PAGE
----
Think about what happened with IE5. For a long time, websites had to have a completely different version to support IE5, which was really painful and expensive. They continued to do so, until the number of people on IE5 fell to about 1% - at that point they felt safe to drop IE5 support.

The same will happen here. When 99%+ of the end-users on the Internet are dual-stack or v6+NAT64, content providers will feel it's OK to drop v4. Not before.

Look ma, no Intel Management Engine, ish: Purism lifts lid on the Librem Mini, a privacy-focused micro PC

Crypto Monad

Well-documented as in "Intel have released all the details of the management engine and other similar components, and we trust them to be complete?"

Or as in "researchers have comprehensively reverse-engineered the billion-transistor silicon, and to the best of their knowledge there are no additional backdoors to be found?"

I'm not sure either of those fills me with much confidence.

Crypto Monad

If the objective is to build something free of backdoors in the CPU, wouldn't you base it on OpenRISC, or at least ARM?

Android users, if you could pause your COVID-19 panic buying for one minute to install these critical security fixes, that would be great

Crypto Monad

Re: Another option

My (Android-running) Gemini hasn't received any update since "security patch level 5 December 2018".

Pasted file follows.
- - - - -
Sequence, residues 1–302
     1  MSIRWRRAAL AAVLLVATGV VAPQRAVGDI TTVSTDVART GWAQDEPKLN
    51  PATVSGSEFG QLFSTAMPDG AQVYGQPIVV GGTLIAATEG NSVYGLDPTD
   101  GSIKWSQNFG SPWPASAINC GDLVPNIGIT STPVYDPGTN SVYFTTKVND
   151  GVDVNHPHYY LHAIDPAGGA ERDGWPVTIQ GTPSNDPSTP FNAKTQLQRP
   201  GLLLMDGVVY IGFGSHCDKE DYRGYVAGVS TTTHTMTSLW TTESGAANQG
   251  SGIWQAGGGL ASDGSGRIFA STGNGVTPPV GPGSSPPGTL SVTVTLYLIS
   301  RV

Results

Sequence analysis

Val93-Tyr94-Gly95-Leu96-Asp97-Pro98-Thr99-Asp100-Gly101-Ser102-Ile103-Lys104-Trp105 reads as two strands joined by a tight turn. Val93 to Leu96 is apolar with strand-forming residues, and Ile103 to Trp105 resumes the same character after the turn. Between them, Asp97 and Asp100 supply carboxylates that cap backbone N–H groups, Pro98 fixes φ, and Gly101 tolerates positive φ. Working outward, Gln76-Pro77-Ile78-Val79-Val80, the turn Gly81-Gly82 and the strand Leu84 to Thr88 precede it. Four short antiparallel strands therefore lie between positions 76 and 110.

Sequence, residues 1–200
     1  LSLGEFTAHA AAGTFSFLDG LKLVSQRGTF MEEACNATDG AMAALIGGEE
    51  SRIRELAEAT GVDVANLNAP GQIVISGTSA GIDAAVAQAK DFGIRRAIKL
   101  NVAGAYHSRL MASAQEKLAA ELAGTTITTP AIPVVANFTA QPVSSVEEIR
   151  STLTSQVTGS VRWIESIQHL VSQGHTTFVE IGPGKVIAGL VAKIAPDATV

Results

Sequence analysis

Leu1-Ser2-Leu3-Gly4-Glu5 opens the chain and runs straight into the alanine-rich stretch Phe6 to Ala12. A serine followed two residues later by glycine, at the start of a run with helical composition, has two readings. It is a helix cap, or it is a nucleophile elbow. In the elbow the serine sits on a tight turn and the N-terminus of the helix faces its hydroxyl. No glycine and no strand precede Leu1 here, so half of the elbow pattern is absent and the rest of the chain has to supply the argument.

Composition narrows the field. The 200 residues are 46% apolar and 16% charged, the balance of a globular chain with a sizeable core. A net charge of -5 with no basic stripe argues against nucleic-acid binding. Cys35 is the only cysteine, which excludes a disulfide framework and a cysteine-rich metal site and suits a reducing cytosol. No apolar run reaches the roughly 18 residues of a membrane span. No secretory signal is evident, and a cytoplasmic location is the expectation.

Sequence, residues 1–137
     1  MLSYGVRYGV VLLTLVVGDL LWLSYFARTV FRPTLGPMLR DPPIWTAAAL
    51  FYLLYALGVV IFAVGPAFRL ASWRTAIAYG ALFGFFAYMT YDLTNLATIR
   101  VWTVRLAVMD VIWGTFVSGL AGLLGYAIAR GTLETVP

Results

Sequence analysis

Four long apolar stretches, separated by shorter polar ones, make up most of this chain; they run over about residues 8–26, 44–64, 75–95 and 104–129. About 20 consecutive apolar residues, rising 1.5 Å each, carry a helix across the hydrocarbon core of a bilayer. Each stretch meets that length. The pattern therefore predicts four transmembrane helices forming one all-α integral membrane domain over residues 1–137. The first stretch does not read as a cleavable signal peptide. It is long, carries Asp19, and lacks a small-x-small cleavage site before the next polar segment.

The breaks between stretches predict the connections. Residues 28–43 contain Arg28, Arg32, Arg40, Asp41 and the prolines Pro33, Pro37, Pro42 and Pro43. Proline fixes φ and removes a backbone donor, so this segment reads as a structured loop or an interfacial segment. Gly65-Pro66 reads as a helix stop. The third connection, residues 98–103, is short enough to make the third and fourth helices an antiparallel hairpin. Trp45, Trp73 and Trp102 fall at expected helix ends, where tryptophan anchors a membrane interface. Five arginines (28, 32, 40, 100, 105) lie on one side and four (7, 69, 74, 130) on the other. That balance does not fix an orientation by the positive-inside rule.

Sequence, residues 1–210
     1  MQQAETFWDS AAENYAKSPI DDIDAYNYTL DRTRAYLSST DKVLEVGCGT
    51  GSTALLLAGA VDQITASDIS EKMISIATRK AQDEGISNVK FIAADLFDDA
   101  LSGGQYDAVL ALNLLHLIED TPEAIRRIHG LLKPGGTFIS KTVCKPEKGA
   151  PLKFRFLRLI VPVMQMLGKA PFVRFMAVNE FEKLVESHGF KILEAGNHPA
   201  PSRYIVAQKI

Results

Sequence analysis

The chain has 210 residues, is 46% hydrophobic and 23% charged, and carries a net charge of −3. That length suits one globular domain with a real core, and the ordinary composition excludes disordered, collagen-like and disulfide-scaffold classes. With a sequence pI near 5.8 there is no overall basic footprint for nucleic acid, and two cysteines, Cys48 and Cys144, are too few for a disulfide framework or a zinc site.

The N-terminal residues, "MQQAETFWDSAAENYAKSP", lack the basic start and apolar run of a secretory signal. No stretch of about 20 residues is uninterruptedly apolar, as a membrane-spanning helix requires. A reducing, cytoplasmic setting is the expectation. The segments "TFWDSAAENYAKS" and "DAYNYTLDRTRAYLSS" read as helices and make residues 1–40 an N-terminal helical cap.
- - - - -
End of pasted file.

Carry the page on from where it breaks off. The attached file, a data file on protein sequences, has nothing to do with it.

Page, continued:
I'm not expecting they will do anything this time - and not buying PlanetCom again.

Apple drops a bomb on long-life HTTPS certificates: Safari to snub new security certs valid for more than 13 months

Crypto Monad

Re: I understand

You don't need to open anything in your firewall if you use the DNS-01 challenge for renewal. Instead, you need to dynamically add a temporary TXT record to your DNS domain, and remove it afterwards.

This can be done using an outbound "push" to your DNS provider. There are many Letsencrypt agents which can do this, which integrate with many different DNS service providers.

Cache me if you can: HDD PC sales collapse in Europe as shoppers say yes siree to SSD

Crypto Monad

Re: What to do with old 2.5" HDDs?

> So a kind of JBOD where individual drives can be added to the pool, or marked for withdrawal and all the data migrated off.

LVM will do exactly that for you. Each drive is a PV, and you can tell it to migrate data off a PV before you remove it from the VG.

NexDock 2 revisited: Could it be more than a handy Pi hole?

Crypto Monad

Re: That brings us to thin clients again

> But how about corporates? Is buying a hundred or so of these + the Raspberry Pi + Citrix or open source equivalent a good option in real life as opposed to deploying desktops?

I don't think corporates will be buying Raspberry Pis. As far as I can see, the idea is they plug their employee's existing company phone into this, and the phone gains a full-sized screen and keyboard.

The phone is already set up for secure access to corporate resources, so this means one less device to manage compared to giving the employee a full-blown laptop or chromebook.

Brits may still be struck by Lightning, but EU lawmakers vote for bloc-wide common charging rules